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James Primosch has known his fellow American composer, the venerable John Harbison, since 1984, when Primosch was Harbison’s student at Tanglewood, the legendary New England music festival. The senior composer (Harbison was born in New Jersey in 1938; Primosch in Cleveland in 1956) has been a steadfast supporter of Primosch’s music ever since. A new album, Descent/Return: Music of John Harbison and James Primosch, is an intriguing cross-pollination of the voices of these two eloquent artists.
The selection of music makes for telling comparisons. Each composer has contributed songs, both with words by excellent contemporary American poets, and both are also represented by music for solo piano.
The program opens with Harbison’s setting of six short poems by Michael Fried, grouped under the title “Simple Daylight.” The rhythms of the words are regular and flowing, their meanings evocative yet terse (this description of odor: “As tiny motes of ash, they, too, will remember / Dancing in sunlight, jostled by larger molecules”). Harbison responds with a complementary rhythm that lends a contrapuntal sense to the texture of these lovely songs, which blossom in one’s imagination with careful listening.
Open gates and night skies
Primosch, a professor of music at the University of Pennsylvania, gives us a pair of songs set to Philadelphia poet Susan Stewart’s series Descent/Return, which also serves as the title of this release. In Descent, Stewart portrays a subtle menace (“The gate’s ajar, early, late. Shadows loom and lie in wait.”). Primosch responds with music of edgy, angular energy, hanging the words on a sort of jazzy, syncopated trellis. Return counters with a lyrical, elegiac sensibility.
Primosch tends to work with a large stylistic toolbox. His vocal writing, as displayed on this album, certainly reflects this catholic manner. In addition to the Stewart settings, there are three short songs at the end of the program, including an homage to an old astronomer that includes sparkling impressionistic patterns on the upper end of the keyboard that suggest the starry night sky. There’s also a bouncy and fun musical take on the art of baseball pitching, and finally, a setting of “Who Do You Say That I Am” by Kathleen Norris that is full-blown post-Romantic, replete with a soaring, dramatic, Wagnerian vocal line and big, pealing piano chords that could have been written by Rachmaninoff.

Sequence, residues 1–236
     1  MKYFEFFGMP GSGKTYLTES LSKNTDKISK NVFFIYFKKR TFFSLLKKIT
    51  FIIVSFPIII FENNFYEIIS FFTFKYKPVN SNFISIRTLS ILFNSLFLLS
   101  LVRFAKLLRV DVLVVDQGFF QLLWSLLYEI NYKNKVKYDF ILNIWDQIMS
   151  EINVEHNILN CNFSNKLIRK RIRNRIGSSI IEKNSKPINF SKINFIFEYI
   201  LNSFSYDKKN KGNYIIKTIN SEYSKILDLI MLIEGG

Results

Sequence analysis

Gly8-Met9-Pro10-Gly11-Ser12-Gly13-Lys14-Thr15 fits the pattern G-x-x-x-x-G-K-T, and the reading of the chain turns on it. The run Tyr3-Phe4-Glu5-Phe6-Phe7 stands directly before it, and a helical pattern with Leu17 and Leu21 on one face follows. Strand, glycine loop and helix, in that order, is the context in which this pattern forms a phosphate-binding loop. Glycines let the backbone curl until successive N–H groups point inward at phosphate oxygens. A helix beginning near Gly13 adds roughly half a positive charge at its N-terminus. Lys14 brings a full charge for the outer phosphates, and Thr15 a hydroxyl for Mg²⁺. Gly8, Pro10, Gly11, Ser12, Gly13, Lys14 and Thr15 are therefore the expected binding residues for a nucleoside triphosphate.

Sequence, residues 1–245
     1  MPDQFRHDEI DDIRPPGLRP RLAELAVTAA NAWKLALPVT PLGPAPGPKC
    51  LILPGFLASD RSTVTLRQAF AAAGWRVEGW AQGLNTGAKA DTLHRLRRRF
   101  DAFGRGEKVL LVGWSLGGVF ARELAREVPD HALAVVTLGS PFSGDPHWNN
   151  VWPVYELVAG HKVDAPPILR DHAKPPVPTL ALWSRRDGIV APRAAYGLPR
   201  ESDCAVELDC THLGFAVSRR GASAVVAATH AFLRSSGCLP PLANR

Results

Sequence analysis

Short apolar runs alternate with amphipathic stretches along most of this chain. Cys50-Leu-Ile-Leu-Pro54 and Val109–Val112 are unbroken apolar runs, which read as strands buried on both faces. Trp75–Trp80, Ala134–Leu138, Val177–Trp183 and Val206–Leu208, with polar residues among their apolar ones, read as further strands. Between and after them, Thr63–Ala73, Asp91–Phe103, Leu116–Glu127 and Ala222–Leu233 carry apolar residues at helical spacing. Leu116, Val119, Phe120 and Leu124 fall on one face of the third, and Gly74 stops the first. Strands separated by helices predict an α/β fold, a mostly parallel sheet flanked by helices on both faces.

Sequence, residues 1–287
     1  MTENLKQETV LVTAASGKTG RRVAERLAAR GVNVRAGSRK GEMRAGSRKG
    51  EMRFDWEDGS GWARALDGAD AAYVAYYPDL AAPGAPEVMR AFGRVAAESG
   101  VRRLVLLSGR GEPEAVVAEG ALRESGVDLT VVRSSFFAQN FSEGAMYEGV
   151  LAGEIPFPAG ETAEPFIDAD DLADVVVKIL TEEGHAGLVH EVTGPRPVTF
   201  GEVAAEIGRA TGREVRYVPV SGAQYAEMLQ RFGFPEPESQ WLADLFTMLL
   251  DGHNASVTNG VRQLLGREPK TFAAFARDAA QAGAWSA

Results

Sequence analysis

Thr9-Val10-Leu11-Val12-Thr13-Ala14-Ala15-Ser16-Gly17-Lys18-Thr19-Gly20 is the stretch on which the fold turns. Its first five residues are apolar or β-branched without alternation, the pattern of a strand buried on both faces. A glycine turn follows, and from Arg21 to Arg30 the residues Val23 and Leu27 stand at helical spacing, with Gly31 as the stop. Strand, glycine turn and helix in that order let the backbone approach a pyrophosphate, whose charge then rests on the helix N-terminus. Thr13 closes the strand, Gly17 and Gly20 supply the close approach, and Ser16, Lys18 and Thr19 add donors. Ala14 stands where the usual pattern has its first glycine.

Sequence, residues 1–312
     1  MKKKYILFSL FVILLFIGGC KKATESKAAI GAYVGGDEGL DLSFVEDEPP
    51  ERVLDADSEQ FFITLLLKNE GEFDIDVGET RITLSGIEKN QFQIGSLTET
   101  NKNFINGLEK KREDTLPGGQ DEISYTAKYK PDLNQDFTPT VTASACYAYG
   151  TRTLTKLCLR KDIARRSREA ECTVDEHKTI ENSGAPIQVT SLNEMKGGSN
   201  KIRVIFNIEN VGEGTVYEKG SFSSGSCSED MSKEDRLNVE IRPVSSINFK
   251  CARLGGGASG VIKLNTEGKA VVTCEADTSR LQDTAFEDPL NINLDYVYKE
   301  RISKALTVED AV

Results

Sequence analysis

Harbison’s Piano Sonata No. 2 is unquestionably a major contribution to the piano sonata canon. It is a large work, both in actual length and scope of vision, essentially neoclassical in structure, but also containing lively baroque dance elements and late-19th-century grandiosity, all packaged together in a cohesive, singular voice. This is a work of great beauty and grandeur.
Pure Contraption/Absolute Gift, a suite of five piano miniatures from Primosch, includes music inspired by poetry (specifically that of Stephen Crane and W.H. Auden). The pieces are, at turns, whimsical, dreamy, buoyant, and at all times, thoughtful.
Performances by the husband-and-wife team of Ryan MacEvoy McCullough and soprano Lucy Fitz Gibbon, who worked with both composers to realize this recording, are magnificent.
What, When, Where
Descent/Return: Music of John Harbison and James Primosch. Albany records, May 15, 2020. Get it here.
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